Wednesday, December 26, 2018

Roasting Snowmen & Finding Pickles

This year was my favorite Christmas. But take that proclamation with a grain of salt because in the same way my favorite song in the whole wide world changes weekly, I always think this Christmas is the best.

But this one really was the best! Because we got a white Christmas. Growing up in the desert, snow on any day feels like a holiday. But snow on Christmas...holy crap. It feels like a miracle. I guess now that we live in the mountains, we can expect more white Christmases in the future. But based on the excited buzz from all the other mountain residents, I can tell snow on Christmas day is pretty rare, even for up here. So yeah, I might have been a little weepy about it. :P

Christmas was great in other ways too, besides the snow. Clint's parents spent the night on Christmas Eve. We did our normal pajama party with breakfast for dinner. But this year we played a new hilarious 'Build a Snowman' game with giant marshmallows. The roll of your dice determines which part you add to your snowman--eye, buttons, arm, etc. Clint kept putting body parts that didn't belong (I'll let you use your imagination on that one). Here's my guy, all adorable and un-obscene:

Later, when I won the game, in a show of good sportsmanship, Clint staked his snowman and roasted him in our fireplace. Then he ate him.

*Warning: The following images might be too graphic for younger viewers.

Okay, I might have had a bite of the fella too.  

We also played the most cutthroat gift-exchange game ever, one that makes the traditional White Elephant gift exchange seem polite. It would take too long to explain the rules here, but it was savage. And of course, as we do every year, we played 'Find the Pickle'. Here's some of us (our booties at least) searching for it.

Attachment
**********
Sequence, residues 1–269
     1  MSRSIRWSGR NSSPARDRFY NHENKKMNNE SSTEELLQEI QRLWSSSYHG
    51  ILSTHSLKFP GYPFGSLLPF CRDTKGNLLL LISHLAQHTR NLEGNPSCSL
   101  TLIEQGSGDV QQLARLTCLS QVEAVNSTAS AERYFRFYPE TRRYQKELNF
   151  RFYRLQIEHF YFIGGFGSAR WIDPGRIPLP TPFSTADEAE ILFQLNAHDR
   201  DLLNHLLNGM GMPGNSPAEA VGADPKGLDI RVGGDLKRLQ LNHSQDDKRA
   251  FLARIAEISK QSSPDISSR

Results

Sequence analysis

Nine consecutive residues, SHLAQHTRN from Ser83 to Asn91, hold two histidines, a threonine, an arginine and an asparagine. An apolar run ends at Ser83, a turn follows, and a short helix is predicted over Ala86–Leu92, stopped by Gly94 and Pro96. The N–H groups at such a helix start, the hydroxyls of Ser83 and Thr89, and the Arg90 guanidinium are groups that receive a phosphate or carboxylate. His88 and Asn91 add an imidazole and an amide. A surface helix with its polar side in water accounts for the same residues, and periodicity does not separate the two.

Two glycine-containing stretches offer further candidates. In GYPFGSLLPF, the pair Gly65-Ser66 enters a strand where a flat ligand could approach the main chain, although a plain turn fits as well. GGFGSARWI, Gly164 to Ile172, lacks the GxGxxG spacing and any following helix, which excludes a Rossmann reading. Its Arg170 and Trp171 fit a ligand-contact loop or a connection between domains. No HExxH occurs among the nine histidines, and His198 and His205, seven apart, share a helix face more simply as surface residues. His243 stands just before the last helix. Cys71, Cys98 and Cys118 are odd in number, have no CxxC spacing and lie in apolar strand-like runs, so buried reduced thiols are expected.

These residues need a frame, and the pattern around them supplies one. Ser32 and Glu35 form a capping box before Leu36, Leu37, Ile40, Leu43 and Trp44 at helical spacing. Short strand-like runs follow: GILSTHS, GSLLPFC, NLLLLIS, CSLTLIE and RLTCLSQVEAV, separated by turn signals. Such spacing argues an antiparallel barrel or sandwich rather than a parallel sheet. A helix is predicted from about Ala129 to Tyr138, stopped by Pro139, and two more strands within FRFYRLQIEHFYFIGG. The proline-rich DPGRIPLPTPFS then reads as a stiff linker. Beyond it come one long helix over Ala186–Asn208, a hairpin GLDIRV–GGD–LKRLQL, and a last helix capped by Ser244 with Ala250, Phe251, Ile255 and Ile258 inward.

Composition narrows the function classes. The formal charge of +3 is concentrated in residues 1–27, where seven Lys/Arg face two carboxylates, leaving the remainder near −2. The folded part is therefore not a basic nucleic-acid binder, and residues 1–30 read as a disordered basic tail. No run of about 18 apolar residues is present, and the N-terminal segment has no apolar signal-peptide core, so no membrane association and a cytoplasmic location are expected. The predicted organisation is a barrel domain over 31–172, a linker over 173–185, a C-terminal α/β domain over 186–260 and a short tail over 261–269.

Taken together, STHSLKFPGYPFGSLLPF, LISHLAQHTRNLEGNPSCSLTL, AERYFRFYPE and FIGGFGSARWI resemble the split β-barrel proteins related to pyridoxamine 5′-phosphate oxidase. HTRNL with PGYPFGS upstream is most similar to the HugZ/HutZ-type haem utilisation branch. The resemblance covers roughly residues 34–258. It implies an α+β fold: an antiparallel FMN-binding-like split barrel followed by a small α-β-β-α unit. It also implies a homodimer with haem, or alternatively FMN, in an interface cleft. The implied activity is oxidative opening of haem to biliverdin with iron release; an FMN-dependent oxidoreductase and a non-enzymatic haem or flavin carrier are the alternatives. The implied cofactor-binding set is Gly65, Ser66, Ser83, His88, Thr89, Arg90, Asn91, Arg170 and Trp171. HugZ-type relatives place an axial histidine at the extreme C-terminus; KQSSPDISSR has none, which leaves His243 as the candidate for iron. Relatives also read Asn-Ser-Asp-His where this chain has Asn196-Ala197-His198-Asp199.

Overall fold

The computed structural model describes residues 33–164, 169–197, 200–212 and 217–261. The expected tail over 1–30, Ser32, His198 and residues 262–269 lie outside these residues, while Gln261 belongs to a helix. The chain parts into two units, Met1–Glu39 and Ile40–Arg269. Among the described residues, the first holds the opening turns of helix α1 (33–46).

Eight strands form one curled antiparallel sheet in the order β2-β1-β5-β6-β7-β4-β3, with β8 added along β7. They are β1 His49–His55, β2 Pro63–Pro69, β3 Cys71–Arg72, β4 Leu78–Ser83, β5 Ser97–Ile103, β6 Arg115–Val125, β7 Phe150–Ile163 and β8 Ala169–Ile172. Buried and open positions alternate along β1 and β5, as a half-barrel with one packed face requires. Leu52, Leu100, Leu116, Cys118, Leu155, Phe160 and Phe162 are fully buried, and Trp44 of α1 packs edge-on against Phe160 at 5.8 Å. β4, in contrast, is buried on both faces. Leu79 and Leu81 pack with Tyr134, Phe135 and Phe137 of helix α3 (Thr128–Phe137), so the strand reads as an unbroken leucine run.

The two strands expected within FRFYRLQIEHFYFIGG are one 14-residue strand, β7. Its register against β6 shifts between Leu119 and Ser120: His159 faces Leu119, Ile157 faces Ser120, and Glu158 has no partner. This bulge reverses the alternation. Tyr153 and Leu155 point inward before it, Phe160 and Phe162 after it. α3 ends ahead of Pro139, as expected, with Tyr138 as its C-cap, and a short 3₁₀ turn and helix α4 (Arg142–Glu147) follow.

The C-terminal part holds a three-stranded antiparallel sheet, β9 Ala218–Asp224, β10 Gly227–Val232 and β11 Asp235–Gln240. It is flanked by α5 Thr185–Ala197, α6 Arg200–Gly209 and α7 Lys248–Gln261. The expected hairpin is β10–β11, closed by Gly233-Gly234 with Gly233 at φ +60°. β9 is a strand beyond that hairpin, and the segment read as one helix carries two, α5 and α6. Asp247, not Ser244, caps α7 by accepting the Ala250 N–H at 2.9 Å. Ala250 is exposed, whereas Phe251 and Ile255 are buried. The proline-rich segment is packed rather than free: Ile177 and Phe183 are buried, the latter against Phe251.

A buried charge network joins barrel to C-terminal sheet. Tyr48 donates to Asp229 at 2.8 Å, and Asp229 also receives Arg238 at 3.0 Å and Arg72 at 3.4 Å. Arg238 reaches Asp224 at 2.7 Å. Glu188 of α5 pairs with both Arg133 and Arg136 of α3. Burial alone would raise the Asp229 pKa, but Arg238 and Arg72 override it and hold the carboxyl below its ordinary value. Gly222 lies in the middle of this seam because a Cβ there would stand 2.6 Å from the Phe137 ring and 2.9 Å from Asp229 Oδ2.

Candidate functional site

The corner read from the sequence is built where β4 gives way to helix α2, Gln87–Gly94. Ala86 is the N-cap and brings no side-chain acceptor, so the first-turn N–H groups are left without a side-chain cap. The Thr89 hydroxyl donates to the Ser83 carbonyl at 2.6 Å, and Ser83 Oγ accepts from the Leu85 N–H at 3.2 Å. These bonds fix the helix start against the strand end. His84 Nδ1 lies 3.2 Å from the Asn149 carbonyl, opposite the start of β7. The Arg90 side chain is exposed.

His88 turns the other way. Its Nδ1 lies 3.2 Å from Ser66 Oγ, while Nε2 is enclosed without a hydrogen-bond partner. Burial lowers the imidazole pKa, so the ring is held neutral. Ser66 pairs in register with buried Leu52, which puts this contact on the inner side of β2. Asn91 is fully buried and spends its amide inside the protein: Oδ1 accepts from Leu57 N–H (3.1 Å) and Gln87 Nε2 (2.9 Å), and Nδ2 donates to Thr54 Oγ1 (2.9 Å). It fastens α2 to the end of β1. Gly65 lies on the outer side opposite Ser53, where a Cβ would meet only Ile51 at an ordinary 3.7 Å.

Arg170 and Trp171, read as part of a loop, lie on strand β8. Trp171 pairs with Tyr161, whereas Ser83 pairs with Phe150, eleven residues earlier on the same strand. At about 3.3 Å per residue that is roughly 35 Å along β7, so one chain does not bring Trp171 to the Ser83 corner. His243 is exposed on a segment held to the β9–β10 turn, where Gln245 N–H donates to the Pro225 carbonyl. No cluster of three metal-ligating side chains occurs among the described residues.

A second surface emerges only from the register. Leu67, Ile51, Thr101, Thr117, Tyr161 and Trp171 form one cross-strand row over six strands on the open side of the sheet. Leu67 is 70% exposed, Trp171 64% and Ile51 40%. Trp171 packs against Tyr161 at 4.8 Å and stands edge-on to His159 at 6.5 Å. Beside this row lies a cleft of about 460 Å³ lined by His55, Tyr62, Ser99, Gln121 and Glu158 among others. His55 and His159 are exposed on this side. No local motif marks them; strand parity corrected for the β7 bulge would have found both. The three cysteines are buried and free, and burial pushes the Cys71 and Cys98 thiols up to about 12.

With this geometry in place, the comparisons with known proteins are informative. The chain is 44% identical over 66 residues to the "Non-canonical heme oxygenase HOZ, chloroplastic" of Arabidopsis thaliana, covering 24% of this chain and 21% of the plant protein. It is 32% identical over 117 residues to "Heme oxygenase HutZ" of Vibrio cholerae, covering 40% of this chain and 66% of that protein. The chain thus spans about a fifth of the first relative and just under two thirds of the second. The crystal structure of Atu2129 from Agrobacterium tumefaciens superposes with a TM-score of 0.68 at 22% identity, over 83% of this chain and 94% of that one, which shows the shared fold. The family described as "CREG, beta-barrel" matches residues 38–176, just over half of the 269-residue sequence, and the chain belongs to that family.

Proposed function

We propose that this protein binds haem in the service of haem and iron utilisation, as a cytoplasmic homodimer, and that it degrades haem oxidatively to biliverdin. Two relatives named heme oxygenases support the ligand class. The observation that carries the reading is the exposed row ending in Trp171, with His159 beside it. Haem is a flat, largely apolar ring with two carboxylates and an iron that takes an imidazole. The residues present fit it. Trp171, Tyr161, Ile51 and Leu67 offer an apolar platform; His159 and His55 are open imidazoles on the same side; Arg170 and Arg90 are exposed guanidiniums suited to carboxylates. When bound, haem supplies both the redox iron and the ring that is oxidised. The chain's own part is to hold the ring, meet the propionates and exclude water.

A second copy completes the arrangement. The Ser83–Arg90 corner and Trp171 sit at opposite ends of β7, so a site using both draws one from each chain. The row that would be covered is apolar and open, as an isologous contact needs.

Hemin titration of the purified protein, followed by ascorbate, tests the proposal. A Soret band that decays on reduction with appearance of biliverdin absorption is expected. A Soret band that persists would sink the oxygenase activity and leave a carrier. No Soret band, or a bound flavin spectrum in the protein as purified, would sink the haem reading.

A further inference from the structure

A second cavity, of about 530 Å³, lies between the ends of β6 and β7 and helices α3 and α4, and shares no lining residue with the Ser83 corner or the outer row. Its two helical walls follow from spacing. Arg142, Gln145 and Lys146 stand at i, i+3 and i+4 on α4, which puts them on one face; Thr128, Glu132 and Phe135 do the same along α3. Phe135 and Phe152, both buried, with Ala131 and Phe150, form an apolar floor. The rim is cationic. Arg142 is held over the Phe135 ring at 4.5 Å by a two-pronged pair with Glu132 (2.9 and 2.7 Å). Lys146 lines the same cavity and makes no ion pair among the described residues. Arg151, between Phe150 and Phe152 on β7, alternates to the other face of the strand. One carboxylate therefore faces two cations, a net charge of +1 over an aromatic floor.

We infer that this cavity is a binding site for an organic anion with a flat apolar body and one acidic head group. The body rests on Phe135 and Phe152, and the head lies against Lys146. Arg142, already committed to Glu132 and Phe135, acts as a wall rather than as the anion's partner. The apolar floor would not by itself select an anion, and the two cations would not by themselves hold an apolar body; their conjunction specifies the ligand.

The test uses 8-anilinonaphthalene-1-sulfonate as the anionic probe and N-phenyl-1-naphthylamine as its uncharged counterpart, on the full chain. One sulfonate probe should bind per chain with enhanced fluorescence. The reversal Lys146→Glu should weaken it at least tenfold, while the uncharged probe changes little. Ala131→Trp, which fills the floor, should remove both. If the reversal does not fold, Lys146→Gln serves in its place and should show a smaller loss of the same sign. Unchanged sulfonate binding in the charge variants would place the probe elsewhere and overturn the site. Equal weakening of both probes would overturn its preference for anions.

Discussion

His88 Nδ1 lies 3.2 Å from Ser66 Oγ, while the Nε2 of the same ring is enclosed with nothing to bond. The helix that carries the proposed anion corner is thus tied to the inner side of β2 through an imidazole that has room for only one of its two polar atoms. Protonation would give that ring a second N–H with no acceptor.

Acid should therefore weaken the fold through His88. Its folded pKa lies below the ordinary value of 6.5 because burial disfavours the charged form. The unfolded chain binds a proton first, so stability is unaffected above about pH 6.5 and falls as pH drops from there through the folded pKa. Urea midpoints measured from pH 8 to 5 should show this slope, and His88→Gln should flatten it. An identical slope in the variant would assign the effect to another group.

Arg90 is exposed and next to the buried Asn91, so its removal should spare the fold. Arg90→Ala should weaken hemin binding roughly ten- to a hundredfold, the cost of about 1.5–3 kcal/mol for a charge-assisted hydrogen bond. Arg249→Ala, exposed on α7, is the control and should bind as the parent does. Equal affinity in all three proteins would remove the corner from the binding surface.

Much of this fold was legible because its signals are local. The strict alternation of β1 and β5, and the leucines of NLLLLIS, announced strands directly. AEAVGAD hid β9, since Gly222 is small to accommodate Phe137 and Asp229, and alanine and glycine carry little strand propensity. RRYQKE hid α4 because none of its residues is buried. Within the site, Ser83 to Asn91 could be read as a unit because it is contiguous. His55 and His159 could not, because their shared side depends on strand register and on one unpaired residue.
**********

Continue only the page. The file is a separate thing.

Even George the dog had his nose in the tree, looking for that allusive pickle. Clint finally found it and won a frying pan.

Oh, and in the true tradition of Christmas, the boys ended up having a light saber battle on the patio.

On Christmas morning we woke up to snow! Oh yeah, I mentioned that already, didn't I. After oohing and ahhing over it, we ate breakfast with Teri and Carey and then opened up presents. Clint, the gift ninja, struck again. He built for me--from scratch--this hanging light fixture:

It's larger, prettier, and more rustic in person. I had NO idea I was getting this for Christmas, which Clint found amusing because apparently he and Elijah created quite a ruckus in the garage when they were whipping the wood beam with chains in order to distress it. (I can only imagine what our neighbors thought was going on).

Later that morning, we drove to my sister's house for Christmas with my side of the family, having to bulldoze our way through two unplowed roads. I'd like to say it was a chore, but we didn't care. Because...snow!

I was going to write more here about Christmas at my sis's, but I'm starting to lose steam. So I'll just sum it up by saying Shan's house was the usual craziness, with tons of delicious food, an entire fortress of presents, and lots of merriment.

That last part sounds cheesy, but it's allowed since this is a post about Christmas.

Friday, December 21, 2018

Bike Riding in Santa's Village

I have my second New Year's resolution! It's to go here at least once a month:

Image result for skypark at santa's village

Image result for skypark at santa's village

Image result for skypark at santa's village

This is Santa's Village, and it's only ten minutes from my house. It's been around since I was a kid, but ironically my first time coming here wasn't until I was an adult. Specifically, last weekend. As you can see, it's pretty adorable and magical. My sis and I spent most of our time ice-skating and drinking the most delicious hot cider (spiked with Maker's Mark since I had a nasty cold and whiskey is my DayQuil). The kids meanwhile ran around climbing rock walls and doing who knows what else.

You might be thinking I've lost my mind wanting to come here once a month in 2019. Adorable and magical is good and all, but why the heck would I want to visit a place replicating the North Pole in, say, July? But believe it or not, this place is actually open all year long, and that's because in summer the emphasis is on THIS:

Related image

See the source image

Skypark! It's a bike park at Santa's Village with awesome trails for all levels of riders, ranging from beginning to expert. They have bikes to rent, or you can bring your own. Clint and I purchased mountain bikes last year and have been looking for some awesome trails around here, and I dare say it doesn't get better than this. The best part of it is the trails dump you out right into the village. Specifically, the bar (a very cute and quaint cottagy-looking bar). Which means I can finish my bike ride with a nice cold beer or refreshing margarita!